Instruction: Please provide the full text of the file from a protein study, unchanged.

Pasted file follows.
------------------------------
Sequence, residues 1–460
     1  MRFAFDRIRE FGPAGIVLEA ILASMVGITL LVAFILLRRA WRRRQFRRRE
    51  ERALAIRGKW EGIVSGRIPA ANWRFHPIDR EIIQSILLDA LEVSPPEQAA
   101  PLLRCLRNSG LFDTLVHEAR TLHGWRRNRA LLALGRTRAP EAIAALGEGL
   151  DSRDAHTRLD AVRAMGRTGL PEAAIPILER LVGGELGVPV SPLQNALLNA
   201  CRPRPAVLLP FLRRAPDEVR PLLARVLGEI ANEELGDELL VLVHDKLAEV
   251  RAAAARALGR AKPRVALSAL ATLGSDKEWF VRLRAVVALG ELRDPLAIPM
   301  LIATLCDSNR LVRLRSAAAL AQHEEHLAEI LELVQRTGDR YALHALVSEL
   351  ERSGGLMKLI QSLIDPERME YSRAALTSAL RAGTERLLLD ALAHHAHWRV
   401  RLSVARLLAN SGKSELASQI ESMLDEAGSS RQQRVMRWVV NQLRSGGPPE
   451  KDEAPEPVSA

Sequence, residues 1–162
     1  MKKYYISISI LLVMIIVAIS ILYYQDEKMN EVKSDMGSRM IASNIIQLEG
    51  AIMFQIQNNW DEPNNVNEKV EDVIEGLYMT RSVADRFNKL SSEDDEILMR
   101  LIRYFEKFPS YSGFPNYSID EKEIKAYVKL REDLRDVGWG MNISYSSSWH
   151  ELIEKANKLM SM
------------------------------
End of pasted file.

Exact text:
Sequence, residues 1–460
     1  MRFAFDRIRE FGPAGIVLEA ILASMVGITL LVAFILLRRA WRRRQFRRRE
    51  ERALAIRGKW EGIVSGRIPA ANWRFHPIDR EIIQSILLDA LEVSPPEQAA
   101  PLLRCLRNSG LFDTLVHEAR TLHGWRRNRA LLALGRTRAP EAIAALGEGL
   151  DSRDAHTRLD AVRAMGRTGL PEAAIPILER LVGGELGVPV SPLQNALLNA
   201  CRPRPAVLLP FLRRAPDEVR PLLARVLGEI ANEELGDELL VLVHDKLAEV
   251  RAAAARALGR AKPRVALSAL ATLGSDKEWF VRLRAVVALG ELRDPLAIPM
   301  LIATLCDSNR LVRLRSAAAL AQHEEHLAEI LELVQRTGDR YALHALVSEL
   351  ERSGGLMKLI QSLIDPERME YSRAALTSAL RAGTERLLLD ALAHHAHWRV
   401  RLSVARLLAN SGKSELASQI ESMLDEAGSS RQQRVMRWVV NQLRSGGPPE
   451  KDEAPEPVSA

Sequence, residues 1–162
     1  MKKYYISISI LLVMIIVAIS ILYYQDEKMN EVKSDMGSRM IASNIIQLEG
    51  AIMFQIQNNW DEPNNVNEKV EDVIEGLYMT RSVADRFNKL SSEDDEILMR
   101  LIRYFEKFPS YSGFPNYSID EKEIKAYVKL REDLRDVGWG MNISYSSSWH
   151  ELIEKANKLM SM